Jones Meet Jonze, And…Uh…Penguin–Indie Darling Light Boxes Picked up by Spike Jonze and Penguin

Jones Meet Jonze, And...Uh...Penguin--Indie Darling <i>Light Boxes</i> Picked up by Spike Jonze and Penguin

If you happened to get your hands on a copy of Shane Jones’s Light Boxes when it was first published, and reviewed by me for The Rumpus, get your hands off it–that is, and put it in a vinyl sleeve. The first printing by Publishing Genius Press is sold out. It was also the first novel published by PGP.

Spike Jonze has bought up the film rights, as confirmed by Jones via g-chat, “does no one believe this? ha.” Jonze’s Director of Development stumbled upon it online, “some reviews, interviews, etc.”

But while things are “great and crazy,” and “about to get crazier,” Jones has his two feet on the ground, realizes tJones Meet Jonze, And...Uh...Penguin--Indie Darling <i>Light Boxes</i> Picked up by Spike Jonze and Penguin he fragility of such a proposition, and that it could fall away as easily as it has come. He’s trying not to think about it. And now that he’s represented by Bill Clegg at William Morris–a practical necessity, because he “was getting really technical questions from publishers and book buyers, etc.”–it seems more good things will come his way. Does the fact that his book is going celluloid risk muddying his indie cred? With Spike Jonze at the helm, and Ray Tintori slated to direct, we think Light Boxes and Jones are safe.

And things just got headier. When Jones said things were “about to get crazier” a few days ago, what he meant, and what he couldn’t publicly talk about at the time, was that his book was being considered by Penguin. And as of today, August 12, Jones is with Penguin. Light Boxes will most likely be reprinted by Penguin in June 2010. While Jones realizes some will say he sold out, he has this to say, “I just want people to read the book.” And in the independent publishing market, one of the most difficult obstacles a writer must overcome is getting people just to know about his book, much less read it. So this appears to be a boon that won’t mire his credibility. Don’t worry Shane. We’re behind you.

So what happened? On his blog, Jones relays the unfolding of his literary tornado as follows:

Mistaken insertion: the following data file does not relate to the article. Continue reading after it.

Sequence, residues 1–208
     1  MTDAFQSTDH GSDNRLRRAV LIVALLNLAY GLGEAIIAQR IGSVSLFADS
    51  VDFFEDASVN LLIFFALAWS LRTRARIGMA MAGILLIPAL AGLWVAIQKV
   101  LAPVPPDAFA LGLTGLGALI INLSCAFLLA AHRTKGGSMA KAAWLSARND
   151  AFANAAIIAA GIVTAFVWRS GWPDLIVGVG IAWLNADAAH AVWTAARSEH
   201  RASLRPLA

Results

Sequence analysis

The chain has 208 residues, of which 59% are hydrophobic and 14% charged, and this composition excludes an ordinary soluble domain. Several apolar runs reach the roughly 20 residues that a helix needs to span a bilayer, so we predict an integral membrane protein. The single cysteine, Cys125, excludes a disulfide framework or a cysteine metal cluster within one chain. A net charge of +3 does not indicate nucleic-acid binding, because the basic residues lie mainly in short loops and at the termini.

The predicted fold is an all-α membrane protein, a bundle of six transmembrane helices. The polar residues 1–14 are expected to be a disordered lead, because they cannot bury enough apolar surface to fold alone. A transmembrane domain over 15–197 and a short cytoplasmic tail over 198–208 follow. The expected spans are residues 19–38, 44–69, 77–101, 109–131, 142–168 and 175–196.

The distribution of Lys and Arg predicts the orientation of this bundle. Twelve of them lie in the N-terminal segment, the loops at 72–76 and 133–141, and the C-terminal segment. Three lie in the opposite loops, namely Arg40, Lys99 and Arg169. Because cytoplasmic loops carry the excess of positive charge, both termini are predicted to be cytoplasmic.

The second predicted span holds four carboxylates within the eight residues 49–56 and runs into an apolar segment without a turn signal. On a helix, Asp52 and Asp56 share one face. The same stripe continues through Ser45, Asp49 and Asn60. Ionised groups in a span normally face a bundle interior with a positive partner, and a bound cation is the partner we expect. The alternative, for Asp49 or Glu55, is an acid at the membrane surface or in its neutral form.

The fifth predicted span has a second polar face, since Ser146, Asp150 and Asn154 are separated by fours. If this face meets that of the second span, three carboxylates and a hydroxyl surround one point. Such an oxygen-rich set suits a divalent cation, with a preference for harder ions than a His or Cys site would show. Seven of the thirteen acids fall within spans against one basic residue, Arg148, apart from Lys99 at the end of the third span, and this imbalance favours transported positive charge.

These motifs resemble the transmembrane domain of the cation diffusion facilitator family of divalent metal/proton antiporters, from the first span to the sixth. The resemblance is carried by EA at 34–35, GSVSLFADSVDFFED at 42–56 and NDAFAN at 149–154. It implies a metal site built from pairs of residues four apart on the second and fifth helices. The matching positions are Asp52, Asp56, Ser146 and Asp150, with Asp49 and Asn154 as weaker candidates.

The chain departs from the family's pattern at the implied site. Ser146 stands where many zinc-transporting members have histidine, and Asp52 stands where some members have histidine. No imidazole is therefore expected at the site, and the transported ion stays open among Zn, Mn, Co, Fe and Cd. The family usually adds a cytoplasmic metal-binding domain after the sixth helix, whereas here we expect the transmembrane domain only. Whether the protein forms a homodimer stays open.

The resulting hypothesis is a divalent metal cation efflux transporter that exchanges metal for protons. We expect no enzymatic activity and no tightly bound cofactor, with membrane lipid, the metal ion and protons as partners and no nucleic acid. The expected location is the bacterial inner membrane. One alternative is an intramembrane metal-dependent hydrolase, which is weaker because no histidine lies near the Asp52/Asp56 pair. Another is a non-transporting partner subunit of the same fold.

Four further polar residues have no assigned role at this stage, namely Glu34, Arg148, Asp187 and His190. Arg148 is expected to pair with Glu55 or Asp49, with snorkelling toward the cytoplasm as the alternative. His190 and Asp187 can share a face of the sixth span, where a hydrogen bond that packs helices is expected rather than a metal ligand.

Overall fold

After the first printing of Light Boxes sold out (some copies do remain and will pop up at SPD and Barnes and Noble) I had a talk with Adam at PGP, who agreed that demand for the book had outgrown PGP. There were various levels of interest from other publishers and stress and questions on what to do next and we agreed to explore the “bigger publishing house” option. My agent then shopped the book around to major NY presses. This went on for about a week or so. I then made the choice to go with Penguin. I seriously can’t think of a better place, a press with a more rich literary tradition than the Penguin. Everyone there is really excited about the book, lots of energy, it feels like a right fit. I’m excited to see the book nationally distributed. I’m excited to have a press like Penguin behind me. Also, Penguin will get a first look at the next book I write which when asked when it will be finished, I said I had no idea. Adam at PGP is happy. PGP gets best indie press of the year award. I feel like Light Boxes was built on word of mouth and the entire online/indie scene and I have about 200 people to thank. Things are good and crazy.

Rozalia Jovanovic is a founding editor of Gigantic, a magazine of short prose and art. She has received fellowships from The MacDowell Colony and Columbia University. Her writing has been published in more


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